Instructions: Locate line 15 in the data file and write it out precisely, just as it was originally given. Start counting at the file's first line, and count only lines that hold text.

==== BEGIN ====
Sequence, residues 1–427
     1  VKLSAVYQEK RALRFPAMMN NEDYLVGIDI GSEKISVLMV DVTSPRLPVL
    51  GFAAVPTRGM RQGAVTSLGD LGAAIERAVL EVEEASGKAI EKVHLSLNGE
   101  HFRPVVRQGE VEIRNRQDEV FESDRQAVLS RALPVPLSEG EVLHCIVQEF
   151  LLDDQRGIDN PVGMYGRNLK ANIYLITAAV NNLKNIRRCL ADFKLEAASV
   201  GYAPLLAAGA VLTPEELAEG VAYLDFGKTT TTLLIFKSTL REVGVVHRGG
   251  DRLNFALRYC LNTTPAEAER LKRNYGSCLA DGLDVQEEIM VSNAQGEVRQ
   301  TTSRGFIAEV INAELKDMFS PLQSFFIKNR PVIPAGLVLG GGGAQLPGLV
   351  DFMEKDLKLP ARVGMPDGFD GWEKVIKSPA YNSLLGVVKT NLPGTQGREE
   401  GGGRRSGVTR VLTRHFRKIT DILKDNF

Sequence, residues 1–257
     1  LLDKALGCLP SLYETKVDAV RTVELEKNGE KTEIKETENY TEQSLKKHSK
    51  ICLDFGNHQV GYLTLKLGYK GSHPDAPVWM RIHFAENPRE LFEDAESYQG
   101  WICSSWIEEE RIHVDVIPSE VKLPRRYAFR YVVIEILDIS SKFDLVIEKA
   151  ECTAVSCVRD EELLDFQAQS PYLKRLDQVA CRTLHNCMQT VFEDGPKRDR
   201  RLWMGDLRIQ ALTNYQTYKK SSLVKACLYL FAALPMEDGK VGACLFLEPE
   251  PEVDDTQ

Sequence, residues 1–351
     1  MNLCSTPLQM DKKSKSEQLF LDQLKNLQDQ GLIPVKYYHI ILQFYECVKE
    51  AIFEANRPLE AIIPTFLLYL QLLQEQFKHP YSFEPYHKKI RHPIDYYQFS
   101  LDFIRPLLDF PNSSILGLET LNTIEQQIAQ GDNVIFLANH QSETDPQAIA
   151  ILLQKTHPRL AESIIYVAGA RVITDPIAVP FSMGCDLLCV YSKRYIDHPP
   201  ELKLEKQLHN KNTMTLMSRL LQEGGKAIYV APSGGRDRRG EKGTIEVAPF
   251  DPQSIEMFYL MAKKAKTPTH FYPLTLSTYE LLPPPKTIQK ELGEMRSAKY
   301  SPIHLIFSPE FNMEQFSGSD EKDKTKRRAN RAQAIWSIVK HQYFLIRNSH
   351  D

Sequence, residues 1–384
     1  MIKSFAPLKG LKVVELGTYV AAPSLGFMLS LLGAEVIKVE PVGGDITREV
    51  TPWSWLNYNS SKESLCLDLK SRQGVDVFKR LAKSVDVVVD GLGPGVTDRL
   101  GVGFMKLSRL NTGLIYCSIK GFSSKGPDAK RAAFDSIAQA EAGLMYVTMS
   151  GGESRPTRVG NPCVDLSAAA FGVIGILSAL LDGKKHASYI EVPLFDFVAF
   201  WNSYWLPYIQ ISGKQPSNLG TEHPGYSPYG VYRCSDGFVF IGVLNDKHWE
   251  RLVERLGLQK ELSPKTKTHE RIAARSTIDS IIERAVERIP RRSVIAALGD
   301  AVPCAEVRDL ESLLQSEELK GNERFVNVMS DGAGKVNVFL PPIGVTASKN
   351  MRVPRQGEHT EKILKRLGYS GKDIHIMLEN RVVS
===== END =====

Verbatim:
   151  ECTAVSCVRD EELLDFQAQS PYLKRLDQVA CRTLHNCMQT VFEDGPKRDR